Please Do Not Enter

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If you’re looking for another one of those spaces that inspire you interior design fanatic, look no further than Please Do Not Enter. Despite the misnomer, this downtown LA located shop is incredibly inviting with its minimalist aesthetic in a meticulously embellished industrial space. Please Do Not Enter prides itself on creating a space that is “genuinely subjective…an ode to modern life, where pleasing the eye goes hand in hand with timeless quality and functionality,” (


Courtesy of Nicolas Libert


Their well articulated concept is very reflective of my design preferences: minimalist, open, industrial, quality over quantity. I was fortunate enough to have a conversation with one of the store’s owners, Nicolas Libert, to discuss his inspiration for the shop’s design. Originally reigning from Paris, Nicolas and co-owner Emmanuel Renoird were intrigued by Los Angeles’s increasingly diverse scene. Seeing Los Angeles as the melting pot that it is, they brought artwork and design aesthetics from around the world to the City of Angels.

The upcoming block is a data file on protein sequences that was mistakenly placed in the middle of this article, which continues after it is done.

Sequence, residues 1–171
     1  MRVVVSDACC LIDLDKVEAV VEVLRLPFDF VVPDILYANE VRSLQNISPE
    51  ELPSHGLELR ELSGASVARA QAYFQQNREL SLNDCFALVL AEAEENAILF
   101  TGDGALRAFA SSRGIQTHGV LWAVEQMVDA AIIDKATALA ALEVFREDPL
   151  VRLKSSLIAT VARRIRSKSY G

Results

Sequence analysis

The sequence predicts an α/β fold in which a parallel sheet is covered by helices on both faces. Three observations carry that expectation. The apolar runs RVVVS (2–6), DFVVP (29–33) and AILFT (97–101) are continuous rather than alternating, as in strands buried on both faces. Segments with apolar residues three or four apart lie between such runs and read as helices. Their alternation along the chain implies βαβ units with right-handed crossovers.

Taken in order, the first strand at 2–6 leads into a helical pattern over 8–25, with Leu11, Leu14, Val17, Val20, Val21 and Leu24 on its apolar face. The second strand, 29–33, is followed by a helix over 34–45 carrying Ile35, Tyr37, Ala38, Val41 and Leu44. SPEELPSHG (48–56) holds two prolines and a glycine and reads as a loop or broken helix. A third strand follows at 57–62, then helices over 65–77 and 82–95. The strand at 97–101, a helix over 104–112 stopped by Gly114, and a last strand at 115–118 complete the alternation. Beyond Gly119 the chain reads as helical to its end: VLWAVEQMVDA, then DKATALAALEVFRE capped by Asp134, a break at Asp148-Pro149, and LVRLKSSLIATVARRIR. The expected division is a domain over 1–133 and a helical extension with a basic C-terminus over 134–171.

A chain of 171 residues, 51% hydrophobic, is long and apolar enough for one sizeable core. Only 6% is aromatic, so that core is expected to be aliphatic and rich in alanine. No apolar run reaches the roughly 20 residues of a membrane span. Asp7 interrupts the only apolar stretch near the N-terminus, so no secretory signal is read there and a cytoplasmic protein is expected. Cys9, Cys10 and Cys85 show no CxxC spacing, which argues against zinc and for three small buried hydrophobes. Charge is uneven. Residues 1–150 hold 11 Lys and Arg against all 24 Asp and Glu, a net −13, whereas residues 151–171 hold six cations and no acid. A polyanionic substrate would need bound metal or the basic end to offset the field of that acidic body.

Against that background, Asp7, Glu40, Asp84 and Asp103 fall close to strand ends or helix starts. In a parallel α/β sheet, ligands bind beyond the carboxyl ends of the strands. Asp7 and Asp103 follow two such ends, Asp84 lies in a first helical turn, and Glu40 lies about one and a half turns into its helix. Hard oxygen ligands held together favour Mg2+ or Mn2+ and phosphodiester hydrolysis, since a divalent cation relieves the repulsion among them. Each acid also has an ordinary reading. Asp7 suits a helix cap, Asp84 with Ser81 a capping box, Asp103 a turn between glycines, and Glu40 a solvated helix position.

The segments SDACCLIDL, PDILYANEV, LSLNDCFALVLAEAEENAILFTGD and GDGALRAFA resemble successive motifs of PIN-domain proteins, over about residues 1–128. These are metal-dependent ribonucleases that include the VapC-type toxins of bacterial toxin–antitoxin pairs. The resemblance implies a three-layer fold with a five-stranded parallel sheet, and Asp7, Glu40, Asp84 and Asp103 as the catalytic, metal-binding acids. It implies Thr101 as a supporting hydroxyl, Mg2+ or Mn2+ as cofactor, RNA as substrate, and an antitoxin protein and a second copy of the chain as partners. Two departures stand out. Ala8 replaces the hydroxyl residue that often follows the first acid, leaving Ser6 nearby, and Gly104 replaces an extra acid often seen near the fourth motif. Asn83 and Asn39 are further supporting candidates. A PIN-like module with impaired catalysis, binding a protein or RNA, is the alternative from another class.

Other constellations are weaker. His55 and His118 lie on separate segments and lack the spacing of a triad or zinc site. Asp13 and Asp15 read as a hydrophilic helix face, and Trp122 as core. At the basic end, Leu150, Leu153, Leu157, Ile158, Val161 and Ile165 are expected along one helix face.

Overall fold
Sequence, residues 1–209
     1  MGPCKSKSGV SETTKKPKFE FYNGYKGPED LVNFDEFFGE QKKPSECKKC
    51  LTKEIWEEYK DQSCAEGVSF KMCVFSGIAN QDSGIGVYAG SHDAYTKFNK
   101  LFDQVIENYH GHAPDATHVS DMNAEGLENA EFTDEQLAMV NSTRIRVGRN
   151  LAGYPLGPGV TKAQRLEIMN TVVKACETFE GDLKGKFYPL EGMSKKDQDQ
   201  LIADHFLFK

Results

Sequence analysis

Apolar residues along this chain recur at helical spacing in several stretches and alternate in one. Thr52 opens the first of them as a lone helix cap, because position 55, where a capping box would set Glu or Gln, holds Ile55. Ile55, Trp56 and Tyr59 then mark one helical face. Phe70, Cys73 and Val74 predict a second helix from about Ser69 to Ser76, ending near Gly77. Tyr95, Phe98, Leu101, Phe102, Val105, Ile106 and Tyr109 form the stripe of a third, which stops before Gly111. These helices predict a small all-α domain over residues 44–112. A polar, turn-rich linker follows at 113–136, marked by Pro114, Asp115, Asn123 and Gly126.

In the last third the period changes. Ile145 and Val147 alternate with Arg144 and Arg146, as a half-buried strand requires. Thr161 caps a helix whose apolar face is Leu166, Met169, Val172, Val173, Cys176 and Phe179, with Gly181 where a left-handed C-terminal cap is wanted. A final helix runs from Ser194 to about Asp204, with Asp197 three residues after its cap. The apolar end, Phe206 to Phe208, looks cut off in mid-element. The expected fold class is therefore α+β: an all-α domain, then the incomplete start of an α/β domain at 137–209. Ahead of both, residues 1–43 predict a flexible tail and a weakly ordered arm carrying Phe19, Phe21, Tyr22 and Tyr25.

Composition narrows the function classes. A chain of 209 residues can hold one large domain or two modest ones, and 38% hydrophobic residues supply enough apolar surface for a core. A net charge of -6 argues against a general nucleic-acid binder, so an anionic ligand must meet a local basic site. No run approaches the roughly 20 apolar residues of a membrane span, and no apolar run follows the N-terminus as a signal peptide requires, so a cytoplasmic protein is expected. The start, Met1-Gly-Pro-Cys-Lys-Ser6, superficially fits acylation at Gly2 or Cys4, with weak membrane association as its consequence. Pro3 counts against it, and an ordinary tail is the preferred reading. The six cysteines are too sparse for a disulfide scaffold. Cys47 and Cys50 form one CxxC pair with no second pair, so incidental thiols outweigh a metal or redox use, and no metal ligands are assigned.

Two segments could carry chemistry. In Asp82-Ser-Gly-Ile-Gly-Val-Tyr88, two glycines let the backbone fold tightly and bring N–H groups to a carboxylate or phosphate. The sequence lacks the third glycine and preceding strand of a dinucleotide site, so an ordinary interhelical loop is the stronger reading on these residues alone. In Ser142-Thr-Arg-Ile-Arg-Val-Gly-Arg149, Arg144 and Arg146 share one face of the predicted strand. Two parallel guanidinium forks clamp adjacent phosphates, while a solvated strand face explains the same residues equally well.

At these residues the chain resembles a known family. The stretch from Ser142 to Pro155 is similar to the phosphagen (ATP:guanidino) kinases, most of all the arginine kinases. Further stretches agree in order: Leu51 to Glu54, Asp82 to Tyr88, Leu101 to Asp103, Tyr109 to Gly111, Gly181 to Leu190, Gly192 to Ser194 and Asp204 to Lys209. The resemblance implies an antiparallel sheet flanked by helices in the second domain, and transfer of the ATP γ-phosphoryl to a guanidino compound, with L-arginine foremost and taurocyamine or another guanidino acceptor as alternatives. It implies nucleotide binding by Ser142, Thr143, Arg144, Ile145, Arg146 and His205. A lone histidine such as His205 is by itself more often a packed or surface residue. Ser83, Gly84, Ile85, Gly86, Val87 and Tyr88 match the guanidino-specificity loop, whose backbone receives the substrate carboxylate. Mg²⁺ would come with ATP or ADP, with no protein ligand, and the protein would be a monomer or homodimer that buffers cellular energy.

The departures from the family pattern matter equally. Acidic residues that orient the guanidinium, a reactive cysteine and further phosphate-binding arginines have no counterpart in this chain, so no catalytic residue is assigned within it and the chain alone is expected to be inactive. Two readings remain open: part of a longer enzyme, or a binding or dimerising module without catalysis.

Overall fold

Nicolas and Emmanuel made the space unique by not sticking to one aesthetic for the store: “You have art, design, fashion, accessories, and books in your home, and we figured we would reflect that in our store. We did not want to make the choice between a gallery and retail because we wanted both, which is very unusual. We decided to mix everything and came up with an array of items that make up our private collection and provide people with unusual and international artists that you wouldn’t find anywhere else in Los Angeles,” Nicolas explained. 


Courtesy of Scott Leon

Inspired by the meticulous embellishment of the minimalist aesthetic, I opted to offset the stark white and open space with bright reds and slate grays. I find this look expresses a “quality over quantity” mindset I found very present within the store, both in terms of their design and the pieces they were selling. Nicolas put it beautifully when trying to sum up his design aesthetic, “Through the collections that we have, artists that we pick, and people that we show, there is a wide gap, which we love, and there is something interesting about each and every thing, which is their common ground. We have very edgy people as well as classic people, and this range is exactly what life is.” 


Courtesy of Nicolas Libert



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